Alberta’s most enduring rights association emerged during 1973 as the Calgary Civil Liberties Association. Its founder was Sheldon Chumir, a tax lawyer and former Rhodes scholar from Calgary who was independently wealthy thanks to a small oil and gas company. Chumir, who established a private practice in 1975 and became noted for his civil liberties work in Alberta, chaired the civil liberties section of the Canadian Bar Association’s provincial wing. His fledgling rights association met informally at a Chinese restaurant every second Friday to discuss issues of interest until its members decided to incorporate themselves into a formal organization in 1977 under the Societies Act. Among its founders were Gary Dickson (lawyer), David Cruickshank (University of Calgary law professor), Ed Wolfe (Calgary oil patch worker), and Joan Ryan (University of Calgary anthropology professor). Most of their early work involved drawing media attention to local human rights abuses and writing letters to the provincial government. In fact, despite the presence of a few non-lawyers, by 1982 the Calgary Civil Liberties Association was little more than a small group of lawyers who lobbied and litigated cases. Once it was incorporated, it developed a working relationship with the Canadian Civil Liberties Association, although the two groups were never formally affiliated. Among its key issues were free speech, municipal bylaws regarding parade permits and public signs, discrimination against Aboriginals by Calgary landlords, various breaches of privacy access regulations, and prayers in public schools. In 1982, with the help of a grant from the Alberta Law Foundation, it established the Alberta Civil Liberties Research Centre to receive donations and to conduct civil liberties educational programs and research. Today, the centre remains loosely affiliated with the association and acts as a conduit point for persons who wish to contact it. It is also affiliated with the University of Calgary.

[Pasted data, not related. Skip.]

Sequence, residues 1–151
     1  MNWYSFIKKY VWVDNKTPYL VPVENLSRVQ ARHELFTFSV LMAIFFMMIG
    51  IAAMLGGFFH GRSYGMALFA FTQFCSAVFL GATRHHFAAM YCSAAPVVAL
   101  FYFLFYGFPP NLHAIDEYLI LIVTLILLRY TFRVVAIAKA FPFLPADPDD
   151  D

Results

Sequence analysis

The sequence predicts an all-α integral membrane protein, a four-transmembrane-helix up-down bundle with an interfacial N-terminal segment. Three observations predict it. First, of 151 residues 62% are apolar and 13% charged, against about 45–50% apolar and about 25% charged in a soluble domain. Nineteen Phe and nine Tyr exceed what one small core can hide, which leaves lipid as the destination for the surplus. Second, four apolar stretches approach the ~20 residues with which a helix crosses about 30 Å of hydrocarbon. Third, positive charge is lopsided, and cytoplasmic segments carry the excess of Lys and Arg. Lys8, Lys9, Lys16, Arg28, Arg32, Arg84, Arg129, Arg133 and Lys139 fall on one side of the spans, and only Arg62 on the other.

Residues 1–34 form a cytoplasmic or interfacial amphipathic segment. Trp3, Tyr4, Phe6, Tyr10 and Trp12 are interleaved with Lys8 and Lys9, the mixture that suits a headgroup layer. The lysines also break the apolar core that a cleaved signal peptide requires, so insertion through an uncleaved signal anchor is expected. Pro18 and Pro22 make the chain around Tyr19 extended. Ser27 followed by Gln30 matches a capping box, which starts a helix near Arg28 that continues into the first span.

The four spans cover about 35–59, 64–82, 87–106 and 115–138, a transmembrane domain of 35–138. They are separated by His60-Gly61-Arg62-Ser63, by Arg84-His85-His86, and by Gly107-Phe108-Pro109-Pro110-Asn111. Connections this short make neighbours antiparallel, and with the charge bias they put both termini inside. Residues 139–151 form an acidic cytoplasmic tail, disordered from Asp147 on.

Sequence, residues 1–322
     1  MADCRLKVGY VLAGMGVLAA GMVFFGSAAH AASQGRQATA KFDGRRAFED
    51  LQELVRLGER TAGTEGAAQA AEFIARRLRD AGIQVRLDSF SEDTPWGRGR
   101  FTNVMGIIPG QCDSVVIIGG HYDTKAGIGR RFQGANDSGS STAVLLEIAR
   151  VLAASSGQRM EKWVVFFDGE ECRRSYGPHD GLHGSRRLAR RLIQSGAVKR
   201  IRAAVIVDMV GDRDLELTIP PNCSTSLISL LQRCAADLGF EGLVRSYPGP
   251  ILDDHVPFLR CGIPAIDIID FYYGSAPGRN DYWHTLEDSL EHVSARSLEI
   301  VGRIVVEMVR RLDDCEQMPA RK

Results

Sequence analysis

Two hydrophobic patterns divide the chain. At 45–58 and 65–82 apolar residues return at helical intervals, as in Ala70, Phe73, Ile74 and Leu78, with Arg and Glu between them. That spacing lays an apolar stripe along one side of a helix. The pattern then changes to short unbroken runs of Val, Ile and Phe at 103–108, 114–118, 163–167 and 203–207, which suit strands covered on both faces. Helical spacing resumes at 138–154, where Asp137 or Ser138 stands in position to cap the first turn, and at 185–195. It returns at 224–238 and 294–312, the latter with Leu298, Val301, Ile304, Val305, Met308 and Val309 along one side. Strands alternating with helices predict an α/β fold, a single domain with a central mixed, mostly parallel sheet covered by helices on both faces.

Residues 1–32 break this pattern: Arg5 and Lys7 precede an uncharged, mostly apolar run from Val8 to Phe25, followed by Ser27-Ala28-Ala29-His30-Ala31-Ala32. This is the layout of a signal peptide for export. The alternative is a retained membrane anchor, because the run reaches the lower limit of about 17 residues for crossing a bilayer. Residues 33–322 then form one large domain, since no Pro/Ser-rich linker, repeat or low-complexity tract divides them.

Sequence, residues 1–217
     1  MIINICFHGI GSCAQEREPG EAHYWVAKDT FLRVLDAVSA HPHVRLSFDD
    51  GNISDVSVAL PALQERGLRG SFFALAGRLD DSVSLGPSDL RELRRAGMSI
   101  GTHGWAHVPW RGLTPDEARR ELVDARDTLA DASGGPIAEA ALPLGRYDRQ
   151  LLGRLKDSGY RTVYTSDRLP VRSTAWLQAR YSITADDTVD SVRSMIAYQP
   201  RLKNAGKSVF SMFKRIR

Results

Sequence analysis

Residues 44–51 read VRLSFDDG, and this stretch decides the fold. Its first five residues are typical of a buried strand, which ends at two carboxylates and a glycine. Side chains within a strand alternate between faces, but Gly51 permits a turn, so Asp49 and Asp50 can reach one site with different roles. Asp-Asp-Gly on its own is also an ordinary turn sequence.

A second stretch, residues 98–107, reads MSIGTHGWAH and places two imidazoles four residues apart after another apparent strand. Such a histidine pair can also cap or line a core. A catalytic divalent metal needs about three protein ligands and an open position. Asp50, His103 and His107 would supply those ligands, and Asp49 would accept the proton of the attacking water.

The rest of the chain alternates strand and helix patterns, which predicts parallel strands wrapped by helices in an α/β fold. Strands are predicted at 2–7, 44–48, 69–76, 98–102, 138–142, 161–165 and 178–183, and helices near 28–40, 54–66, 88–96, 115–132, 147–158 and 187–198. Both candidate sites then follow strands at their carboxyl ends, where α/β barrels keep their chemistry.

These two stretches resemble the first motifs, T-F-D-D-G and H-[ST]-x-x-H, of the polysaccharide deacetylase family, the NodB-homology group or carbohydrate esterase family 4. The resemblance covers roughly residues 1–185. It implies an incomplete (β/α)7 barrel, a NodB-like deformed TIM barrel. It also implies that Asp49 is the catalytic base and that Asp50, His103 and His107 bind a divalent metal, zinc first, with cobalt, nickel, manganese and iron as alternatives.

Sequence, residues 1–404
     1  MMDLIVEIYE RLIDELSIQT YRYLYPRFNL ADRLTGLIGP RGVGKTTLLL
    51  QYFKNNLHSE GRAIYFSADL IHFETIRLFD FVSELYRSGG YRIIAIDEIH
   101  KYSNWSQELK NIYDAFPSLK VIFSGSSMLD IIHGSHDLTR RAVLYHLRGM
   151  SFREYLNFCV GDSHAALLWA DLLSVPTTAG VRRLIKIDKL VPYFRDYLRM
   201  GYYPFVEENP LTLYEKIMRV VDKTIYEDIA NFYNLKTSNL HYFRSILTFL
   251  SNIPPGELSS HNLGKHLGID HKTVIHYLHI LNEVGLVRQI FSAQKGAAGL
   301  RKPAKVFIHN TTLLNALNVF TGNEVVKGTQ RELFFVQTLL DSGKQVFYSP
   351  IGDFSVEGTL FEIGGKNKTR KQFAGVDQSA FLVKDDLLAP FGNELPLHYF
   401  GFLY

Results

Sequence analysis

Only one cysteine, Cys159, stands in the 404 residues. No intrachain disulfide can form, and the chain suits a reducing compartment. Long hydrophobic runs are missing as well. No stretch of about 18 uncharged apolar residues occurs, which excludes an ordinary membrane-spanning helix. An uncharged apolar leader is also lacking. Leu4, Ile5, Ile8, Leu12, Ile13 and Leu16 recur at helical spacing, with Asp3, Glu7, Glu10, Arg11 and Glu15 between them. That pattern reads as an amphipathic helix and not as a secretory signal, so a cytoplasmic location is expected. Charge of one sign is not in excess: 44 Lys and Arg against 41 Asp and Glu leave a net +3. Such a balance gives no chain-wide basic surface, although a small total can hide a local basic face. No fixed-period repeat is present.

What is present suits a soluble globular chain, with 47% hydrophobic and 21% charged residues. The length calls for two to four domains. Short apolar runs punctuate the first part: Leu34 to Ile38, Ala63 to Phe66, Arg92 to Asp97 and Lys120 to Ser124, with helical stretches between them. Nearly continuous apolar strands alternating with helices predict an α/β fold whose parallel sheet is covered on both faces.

After the Alberta Human Rights and Civil Liberties Association became defunct in the mid-1980s, the Calgary Civil Liberties Association changed its name to the Alberta Civil Liberties Association. It engages in advocacy and has spoken out in the media on issues such as police whistleblowing and the forced treatment of young drug addicts. It rarely involves itself in litigation but did intervene in the famous Vriend case, which required Alberta to add sexual orientation as a prohibited ground of discrimination in its human rights legislation. It also intervened in a case concerning the right of Sikh RCMP officers to wear turbans, and in one that considered the relationship between electoral boundaries and the Charter, but it was turned away from a case that adjudicated whether a convicted criminal should be sentenced as a dangerous offender. On at least one occasion, it made submissions before a parliamentary committee. It maintains no offices and has no website or paid staff. Its current president and frequent spokesman is a Calgary lawyer in private practice.
Alberta Human Rights Association (a.k.a. Alberta Human Rights and Civil Liberties Association) (chapters in Calgary and Lethbridge)
Calgary Civil Liberties Association (a.k.a. Alberta Civil Liberties Association; Alberta Civil Liberties Research Centre)
Fort McMurray Citizens Human Rights Council
Grande Prairie Citizens’ Human Rights Council
Lethbridge Citizens Human Rights Council
Clément, Dominique. Canada’s Rights Revolution: Social Movements and Social Change, 1937-82. Vancouver: UBC Press, 2008.
Clément, Dominique. “An Exercise in Futility? Regionalism, State Funding and Ideology as Obstacles to the Formation of a National Social Movement Organization in Canada.” BC Studies 146 (2005): 63-91.
Clément, Dominique, and Renée Vaugeois, eds. Alberta’s Human Rights Story: The Search for Equality and Justice. Edmonton: John Humphrey Centre for Peace and Human Rights, 2012.
The Sheldon Chumir fonds are available at the Glenbow Archives.